Mitchell updates owners on probe

Mitchell updates owners

PHOENIX -- Former Senator George Mitchell, who has been heading up a nearly year-long investigation into steroid use in Major League Baseball, told the owners on Thursday that he needs more cooperation from them to complete his much-anticipated report.

Speaking at the invitation of Commissioner Bud Selig at the first quarterly meeting of the year, Mitchell told the owners that the "pace of this investigation is dictated by the rate at which information is received."

"I recognize that many clubs are not accustomed to large-scale document discovery," Mitchell told the owners in his prepared remarks that were later released to the media. "So for them this is a new and time-consuming process. And there are serious and credible legal issues which can be and must be resolved. We're working hard to resolve them.

"The Commissioner's office has done everything humanly possible to minimize any risks and to protect the clubs, as well as to reduce the burden on the clubs. I ask you to work with me, in an effort to achieve what I hope is our common goal: a thorough, fair, objective and credible report that is published as soon as possible."

Selig commissioned Mitchell to spearhead the investigation last year after the release of the book "Game of Shadows," which documented the alleged use of performance-enhancing substances by Major Leaguers such as Barry Bonds, Jason Giambi and Gary Sheffield, largely from 1998-2002.

Last March, in establishing the investigation, Selig charged Mitchell, a former Senate Majority Leader, with leaving "no stone unturned" when it came to discovering just what happened during those years and even earlier if the path led Mitchell in that direction.

Since then, neither the Players Association nor the players have cooperated with the investigation, perhaps fearing that any remarks made to the committee could be subpoenaed by the federal government in its ongoing case involving the seizure of data and records from the Bay Area Laboratory Co-Operative (BALCO) in 2003. Five people -- none of them ballplayers -- have been indicted in the scandal and Bonds is currently under investigation for possibly committing perjury before a grand jury about his steroid use.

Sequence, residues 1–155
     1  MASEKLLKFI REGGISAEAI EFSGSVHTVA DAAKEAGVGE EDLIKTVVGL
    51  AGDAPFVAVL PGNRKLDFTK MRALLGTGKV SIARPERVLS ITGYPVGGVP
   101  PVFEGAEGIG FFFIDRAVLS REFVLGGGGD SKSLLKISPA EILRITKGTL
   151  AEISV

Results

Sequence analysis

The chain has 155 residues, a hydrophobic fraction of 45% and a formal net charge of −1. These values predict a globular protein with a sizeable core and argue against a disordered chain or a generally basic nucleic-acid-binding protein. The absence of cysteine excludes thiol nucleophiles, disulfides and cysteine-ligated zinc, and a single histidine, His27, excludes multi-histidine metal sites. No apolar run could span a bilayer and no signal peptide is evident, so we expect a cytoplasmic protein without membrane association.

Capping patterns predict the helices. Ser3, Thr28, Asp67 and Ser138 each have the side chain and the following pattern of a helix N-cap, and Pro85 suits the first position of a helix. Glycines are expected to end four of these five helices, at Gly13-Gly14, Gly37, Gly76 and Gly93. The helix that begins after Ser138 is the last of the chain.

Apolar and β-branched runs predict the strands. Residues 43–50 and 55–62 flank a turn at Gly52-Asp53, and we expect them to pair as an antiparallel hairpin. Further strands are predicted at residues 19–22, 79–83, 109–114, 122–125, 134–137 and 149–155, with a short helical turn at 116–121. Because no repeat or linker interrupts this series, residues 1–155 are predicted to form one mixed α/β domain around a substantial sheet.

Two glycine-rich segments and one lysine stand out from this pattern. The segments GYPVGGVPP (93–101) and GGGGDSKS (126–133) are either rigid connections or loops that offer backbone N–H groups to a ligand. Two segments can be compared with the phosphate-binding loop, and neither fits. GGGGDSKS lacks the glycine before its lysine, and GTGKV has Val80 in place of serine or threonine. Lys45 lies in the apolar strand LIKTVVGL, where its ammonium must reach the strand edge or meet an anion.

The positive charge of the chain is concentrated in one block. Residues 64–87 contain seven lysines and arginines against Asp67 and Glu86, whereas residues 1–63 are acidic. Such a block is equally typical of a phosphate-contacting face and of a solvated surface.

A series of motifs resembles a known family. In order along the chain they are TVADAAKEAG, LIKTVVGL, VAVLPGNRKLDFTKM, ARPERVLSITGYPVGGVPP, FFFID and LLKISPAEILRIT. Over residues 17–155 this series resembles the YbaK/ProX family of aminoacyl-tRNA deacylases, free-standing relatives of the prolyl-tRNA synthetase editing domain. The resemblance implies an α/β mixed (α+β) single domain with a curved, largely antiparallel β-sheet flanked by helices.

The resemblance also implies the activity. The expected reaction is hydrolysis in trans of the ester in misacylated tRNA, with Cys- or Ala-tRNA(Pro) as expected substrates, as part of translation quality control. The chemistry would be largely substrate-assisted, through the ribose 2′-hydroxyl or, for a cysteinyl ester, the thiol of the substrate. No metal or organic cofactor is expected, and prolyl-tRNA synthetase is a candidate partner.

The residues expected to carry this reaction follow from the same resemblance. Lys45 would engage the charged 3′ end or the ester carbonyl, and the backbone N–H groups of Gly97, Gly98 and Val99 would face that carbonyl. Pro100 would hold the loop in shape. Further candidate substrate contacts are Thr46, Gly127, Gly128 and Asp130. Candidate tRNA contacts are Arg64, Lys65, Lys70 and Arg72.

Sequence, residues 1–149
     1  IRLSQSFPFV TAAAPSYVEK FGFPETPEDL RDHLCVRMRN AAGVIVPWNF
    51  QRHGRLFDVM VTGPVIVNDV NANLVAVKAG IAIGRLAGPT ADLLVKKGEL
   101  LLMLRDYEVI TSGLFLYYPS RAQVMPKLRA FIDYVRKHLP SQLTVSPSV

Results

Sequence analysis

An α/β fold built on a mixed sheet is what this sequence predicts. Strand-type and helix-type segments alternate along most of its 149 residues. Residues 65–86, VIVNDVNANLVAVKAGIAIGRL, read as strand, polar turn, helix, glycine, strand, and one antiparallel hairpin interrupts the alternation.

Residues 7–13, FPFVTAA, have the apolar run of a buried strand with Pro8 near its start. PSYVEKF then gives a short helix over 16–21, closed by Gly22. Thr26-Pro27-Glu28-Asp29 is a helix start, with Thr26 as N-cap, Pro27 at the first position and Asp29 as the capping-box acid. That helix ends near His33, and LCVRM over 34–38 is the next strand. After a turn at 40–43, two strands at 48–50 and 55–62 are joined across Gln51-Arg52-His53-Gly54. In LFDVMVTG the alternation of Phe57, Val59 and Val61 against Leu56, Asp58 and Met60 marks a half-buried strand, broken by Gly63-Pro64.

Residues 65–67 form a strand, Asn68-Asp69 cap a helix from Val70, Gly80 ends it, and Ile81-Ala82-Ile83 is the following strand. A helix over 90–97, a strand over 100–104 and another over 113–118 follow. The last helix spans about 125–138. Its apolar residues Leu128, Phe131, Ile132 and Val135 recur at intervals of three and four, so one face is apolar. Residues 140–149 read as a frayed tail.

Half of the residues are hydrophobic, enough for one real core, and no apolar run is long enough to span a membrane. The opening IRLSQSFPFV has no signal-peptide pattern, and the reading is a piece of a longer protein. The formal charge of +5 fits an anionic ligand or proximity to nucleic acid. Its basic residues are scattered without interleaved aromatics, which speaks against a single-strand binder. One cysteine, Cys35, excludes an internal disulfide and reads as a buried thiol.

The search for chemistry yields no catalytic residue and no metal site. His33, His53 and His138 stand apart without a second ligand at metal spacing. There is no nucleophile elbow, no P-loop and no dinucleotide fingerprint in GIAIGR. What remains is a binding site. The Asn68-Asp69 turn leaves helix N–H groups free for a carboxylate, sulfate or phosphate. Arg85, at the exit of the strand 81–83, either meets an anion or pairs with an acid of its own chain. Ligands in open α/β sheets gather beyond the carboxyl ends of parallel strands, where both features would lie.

There has also been some resistance from ownership about complying with Mitchell's committee, which has no subpoena power and can't compel anyone to testify or turn over documentary information, Selig said.

"Look, some clubs have been more cooperative than others," the Commissioner said after the meeting. "But at this stage I'm not concerned about that. We will have cooperation."

Asked if he urged the owners to offer that cooperation after Mitchell's presentation, Selig said: "Urged is probably not strong enough. I'd like to move this along as expeditiously as possible. His statement was very revealing in that sense. I've said this all along: He'll get whatever help he needs from me."

Mitchell's statement was a rare public presentation regarding the investigation, which has remained almost wholly under the radar for the past year.

Under pressure from Congress, MLB instituted drug testing at the Major League level and re-opened the Basic Agreement twice to strengthen the penalties for the use of performance-enhancing drugs, and added amphetamines to the testing and penalty schedule.